"It wasn't an easy task at all, especially since I was doing everything in my garage. I had to create custom brake lines to reroute them in a way where they wouldn't be visible and the Texas climate didn't allow me to just remove the A/C completely. I had to modify those lines as well and hide them. For the main engine wiring harness, there was no aftermarket, off-the-shelf harness for purchase at the time from companies like Rywire, so I had to alter the factory one. I cut and extended the harness so I could tuck it up under the front fenders along with the fuse box. What took the most time was shaving the engine bay and making it as smooth as possible."
One can only imagine what casual onlookers in his town thought watching Tom sand down his engine bay. Many were probably left wondering if the car even ran with literally nothing but the motor floating over the engine compartment. Everything else that was left in was either polished or coated in a gloss black finish to contrast against the bright red exterior. Not many power-adders were implemented since the bay is so naked; you won't find a turbo or supercharger here. A Fujita cold-air intake replaces the cumbersome OEM airbox and a Skunk2 Racing header drives exhaust gases out through an HKS exhaust. As promised, the outward appearance of his AP2 is equally as simple, but it is not without its aero enhancements; the face has been outfitted with an ASM bumper and the factory ragtop remains tucked away like his engine harness as a Spoon Mooncraft-style top provides cover. The rear half of his car has a much beefier appeal than its factory counterpart with the addition of ASM rear fender flares. The added room from the flares offers just enough space to house the aggressive 18-inch Volk Racing TE37SL wheels. A J's Racing rear diffuser further complements the rear, mounted to a factory AP1 rear bumper.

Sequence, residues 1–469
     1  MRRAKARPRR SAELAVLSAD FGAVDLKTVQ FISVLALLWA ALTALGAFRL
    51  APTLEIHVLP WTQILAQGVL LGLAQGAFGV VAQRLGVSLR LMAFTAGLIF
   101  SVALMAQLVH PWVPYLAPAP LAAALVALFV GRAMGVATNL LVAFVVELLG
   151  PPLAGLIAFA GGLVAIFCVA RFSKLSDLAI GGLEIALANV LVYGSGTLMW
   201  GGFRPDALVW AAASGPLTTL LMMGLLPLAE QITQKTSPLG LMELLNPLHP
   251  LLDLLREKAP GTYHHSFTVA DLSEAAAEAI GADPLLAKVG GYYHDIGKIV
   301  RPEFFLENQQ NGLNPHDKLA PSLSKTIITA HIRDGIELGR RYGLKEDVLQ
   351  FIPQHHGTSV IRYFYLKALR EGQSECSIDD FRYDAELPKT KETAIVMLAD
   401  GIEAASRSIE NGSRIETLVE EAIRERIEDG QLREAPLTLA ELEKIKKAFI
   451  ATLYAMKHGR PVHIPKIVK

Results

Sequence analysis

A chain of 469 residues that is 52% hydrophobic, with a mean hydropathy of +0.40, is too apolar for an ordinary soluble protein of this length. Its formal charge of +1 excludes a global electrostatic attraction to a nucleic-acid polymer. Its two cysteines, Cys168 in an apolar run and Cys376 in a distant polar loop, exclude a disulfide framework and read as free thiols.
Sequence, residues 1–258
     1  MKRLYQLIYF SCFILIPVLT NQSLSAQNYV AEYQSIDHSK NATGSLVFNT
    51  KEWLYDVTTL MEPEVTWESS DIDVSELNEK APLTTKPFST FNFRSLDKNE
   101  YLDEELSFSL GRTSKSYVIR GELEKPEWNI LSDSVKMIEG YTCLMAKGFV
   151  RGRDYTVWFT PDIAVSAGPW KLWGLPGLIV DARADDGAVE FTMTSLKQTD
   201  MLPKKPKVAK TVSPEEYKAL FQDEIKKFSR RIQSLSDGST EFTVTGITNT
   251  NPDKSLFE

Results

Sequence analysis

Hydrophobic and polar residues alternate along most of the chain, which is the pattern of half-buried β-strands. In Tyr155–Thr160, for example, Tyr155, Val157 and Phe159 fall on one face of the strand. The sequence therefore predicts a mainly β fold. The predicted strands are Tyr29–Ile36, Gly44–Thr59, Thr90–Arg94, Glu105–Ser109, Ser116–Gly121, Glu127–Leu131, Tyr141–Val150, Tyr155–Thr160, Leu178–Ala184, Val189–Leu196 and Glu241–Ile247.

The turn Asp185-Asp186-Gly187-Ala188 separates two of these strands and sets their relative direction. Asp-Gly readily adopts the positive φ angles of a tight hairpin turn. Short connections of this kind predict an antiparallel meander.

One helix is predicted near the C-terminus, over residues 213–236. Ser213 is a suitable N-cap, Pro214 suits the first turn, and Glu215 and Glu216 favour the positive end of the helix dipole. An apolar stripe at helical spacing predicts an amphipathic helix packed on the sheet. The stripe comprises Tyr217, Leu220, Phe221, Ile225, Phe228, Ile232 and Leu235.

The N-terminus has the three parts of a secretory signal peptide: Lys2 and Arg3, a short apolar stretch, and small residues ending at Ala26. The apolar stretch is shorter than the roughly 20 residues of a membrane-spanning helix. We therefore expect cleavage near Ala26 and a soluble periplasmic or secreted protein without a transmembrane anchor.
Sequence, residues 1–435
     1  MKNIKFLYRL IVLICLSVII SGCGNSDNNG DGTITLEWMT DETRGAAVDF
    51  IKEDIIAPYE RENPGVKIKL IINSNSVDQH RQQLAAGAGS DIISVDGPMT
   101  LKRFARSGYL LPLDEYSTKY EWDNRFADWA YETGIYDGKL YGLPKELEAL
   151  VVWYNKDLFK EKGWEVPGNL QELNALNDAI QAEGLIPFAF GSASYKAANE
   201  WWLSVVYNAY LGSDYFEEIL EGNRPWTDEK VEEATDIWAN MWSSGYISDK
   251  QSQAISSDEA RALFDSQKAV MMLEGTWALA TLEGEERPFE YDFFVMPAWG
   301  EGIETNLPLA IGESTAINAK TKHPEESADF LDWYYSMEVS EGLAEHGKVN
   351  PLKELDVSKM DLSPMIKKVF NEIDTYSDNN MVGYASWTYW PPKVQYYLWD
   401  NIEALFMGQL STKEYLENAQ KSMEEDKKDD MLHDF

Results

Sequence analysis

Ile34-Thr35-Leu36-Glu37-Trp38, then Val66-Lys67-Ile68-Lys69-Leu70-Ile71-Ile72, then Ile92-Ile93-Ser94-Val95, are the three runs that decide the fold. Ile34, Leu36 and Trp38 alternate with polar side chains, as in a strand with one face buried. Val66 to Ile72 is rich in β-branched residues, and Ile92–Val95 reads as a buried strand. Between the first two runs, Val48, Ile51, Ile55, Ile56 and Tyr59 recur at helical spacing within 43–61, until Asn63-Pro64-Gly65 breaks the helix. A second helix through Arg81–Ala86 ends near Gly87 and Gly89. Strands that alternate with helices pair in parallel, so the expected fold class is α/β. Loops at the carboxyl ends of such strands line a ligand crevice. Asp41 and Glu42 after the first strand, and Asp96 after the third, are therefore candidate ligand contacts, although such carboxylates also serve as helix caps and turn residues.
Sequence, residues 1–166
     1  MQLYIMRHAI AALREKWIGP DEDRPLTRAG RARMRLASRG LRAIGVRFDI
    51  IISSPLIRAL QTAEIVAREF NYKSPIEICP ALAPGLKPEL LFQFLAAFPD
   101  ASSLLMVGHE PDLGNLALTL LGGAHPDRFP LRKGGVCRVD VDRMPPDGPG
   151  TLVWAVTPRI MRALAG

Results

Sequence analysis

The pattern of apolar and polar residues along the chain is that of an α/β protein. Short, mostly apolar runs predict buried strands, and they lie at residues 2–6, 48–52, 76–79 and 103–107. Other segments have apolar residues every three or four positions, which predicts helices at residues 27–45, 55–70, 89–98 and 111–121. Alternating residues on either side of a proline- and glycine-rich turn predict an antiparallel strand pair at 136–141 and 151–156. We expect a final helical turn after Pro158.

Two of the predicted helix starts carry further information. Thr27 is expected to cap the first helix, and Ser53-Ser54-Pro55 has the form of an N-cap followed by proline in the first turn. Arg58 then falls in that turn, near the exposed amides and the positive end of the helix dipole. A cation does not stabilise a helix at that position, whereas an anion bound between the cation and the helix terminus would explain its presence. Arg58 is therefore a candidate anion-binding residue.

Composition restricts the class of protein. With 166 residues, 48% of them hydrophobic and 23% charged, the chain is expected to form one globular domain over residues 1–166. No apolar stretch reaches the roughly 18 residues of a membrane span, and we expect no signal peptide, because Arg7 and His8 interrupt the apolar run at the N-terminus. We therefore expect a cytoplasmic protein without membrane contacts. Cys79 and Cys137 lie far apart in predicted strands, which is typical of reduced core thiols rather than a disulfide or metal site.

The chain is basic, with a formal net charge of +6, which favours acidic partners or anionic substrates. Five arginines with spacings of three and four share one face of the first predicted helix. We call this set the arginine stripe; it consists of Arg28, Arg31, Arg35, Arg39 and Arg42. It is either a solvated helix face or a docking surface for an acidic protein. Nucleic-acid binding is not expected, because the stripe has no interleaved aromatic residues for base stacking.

The cockpit of Tom's S2 matches the minimalist theme carried over from the engine bay and exterior. Bride Ergo II seats keep Tom and his girlfriend, Anita, snugly in place while overall driving position is improved with a concave Vertex steering wheel mounted to a Mugen hub. With his interior being mostly black in color, the signature green tone of his Takata safety harnesses and blue hue of the Cusco bolt-on 'cage add a sharp, attention-grabbing, contrast to the build.
Though Tom's S2000 is quite simple as a whole, we were impressed with the overall execution of his project. Oftentimes, less is definitely more, especially when it comes to modifying Hondas. When the hood is closed, you honestly wouldn't think that he had devoted so much time into customizing the engine bay to the extent that he did because the exterior is relatively modest. You would expect other S2000s with hoards of expensive aero to have an engine bay like Tom's, but it is indeed the complete opposite. Furthermore, the fact that he performed all of his modifications, minus paint, inside a small garage in a town no one has ever heard of earns him a ton of respect. We often forget that great builds come from all walks of life. This is for the guys/gals from towns like Rosharon and other places that are often unseen. Your work is not going unrecognized.